- Hardcover: 163 pages
- Publisher: Reformation Trust Publishing; F First Edition Used edition (January 29, 2010)
- Language: English
- ISBN-10: 156769120X
- ISBN-13: 978-1567691207
- Product Dimensions: 6.3 x 0.7 x 9.2 inches
- Shipping Weight: 14.4 ounces
- Average Customer Review: 160 customer reviews
- Amazon Best Sellers Rank: #353,050 in Books (See Top 100 in Books)
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The Masculine Mandate: God's Calling to Men Hardcover – January 29, 2010
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Egalitarian and chauvinistic thinking have corrupted our ideas about godly manhood. With boldness of heart and pastoral wisdom, Rick Phillips leads us back toward biblical manhood- masculinity grounded in the cultural mandate, the cross, an the ordinary means of grace. May men of the church answer the call of this mandate to stand up and be counted, and to live out their faith courageously as workers, protectors, nurturers, and leaders for Christ.--Eric C. Redmond: Senior Pastor, Reformation Alive Baptist Church, Temple Hills, Md. Author, Where Are All the Brothers? Straight Answers to Men's Questions about the Church
In the face of the widespread confusion in our culture, Rick Phillips lays out the biblical mandate for men to work and keep the world around us. This book carefully avoids stereotypes and legalistic rules, while unfolding with clarity and practical simplicity the biblical vision of men as individuals and in relationships to other men, to our wives and children, and to the church of Jesus Christ. I learned much from this book and look forward to sharing it with my sons.--Iain M. Duguid: Professor of religion Grove City College, Grove City, PA.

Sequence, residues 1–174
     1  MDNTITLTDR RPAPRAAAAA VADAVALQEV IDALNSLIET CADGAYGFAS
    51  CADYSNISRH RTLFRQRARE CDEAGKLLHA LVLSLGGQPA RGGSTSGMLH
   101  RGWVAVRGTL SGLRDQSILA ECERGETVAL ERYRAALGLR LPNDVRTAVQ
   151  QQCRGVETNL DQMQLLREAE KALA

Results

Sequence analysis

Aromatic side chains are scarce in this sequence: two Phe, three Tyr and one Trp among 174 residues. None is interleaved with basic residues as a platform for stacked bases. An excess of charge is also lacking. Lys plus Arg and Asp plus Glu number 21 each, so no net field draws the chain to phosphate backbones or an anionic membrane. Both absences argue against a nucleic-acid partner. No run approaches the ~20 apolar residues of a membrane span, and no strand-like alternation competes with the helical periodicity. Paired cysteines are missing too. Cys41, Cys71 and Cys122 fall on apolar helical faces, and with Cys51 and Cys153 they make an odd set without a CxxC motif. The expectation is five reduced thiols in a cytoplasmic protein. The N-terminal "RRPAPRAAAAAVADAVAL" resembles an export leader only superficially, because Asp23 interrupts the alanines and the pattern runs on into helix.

About the Author
Richard D. Phillips is the senior minister of Second Presbyterian Church in Greenville, S.C., and he also serves on the board of directors for the Alliance of Confessing Evangelicals. He has written numerous books including What's So Great About the Doctrines of Grace, Jesus the Evangelist, Holding Hands, Holding Hearts, and The Reformed Expository Commentary: Hebrews.
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This book does not promote the idea that men are wild at heart and need to to to the wilderness to find ourselves, in fact, the author actually addresses this misconception in the beginning of the book. "If God intended men to be wild at heart, how strange that he placed man in the garden, where his life would be shaped not by self-centered identity quests but by conventional bonds and blessings."
I rarely agree with everything said in any one book, however, there was very little in this book that I disagreed with! It is a great read!
We studied this book in our men's group and found it to be extremely good. We spent several weeks on more than one chapter, due to the depth of the points made in the chapters. This is a book for Men... but honestly, even Women can benefit.
In the first section Phillips starts in Genesis 2 and identifies four essential aspects of a man. First, who man is - he is created by God from the dust of the ground and in His image. Second, where man is - God placed man in the garden. Third, what man is - as mandated by God, man is a lord over creation and God's servant. Fourth, how man obeys God - man obeys God by working and keeping the garden. It is the fourth aspect of man, obedience through work, which Phillips concentrates on during the first section of the book. With Genesis 2:15 as the foundation Phillips says, "We are to devote ourselves to working/building and keeping/protecting everything placed into our charge (pg., 12)." The two concepts of working and keeping are the basis around which God gives man his calling and purpose. Similarly foundational to these concepts is the fact that man was created in the image of God (Gen. 1:26-17). From this Phillips states the purpose of man,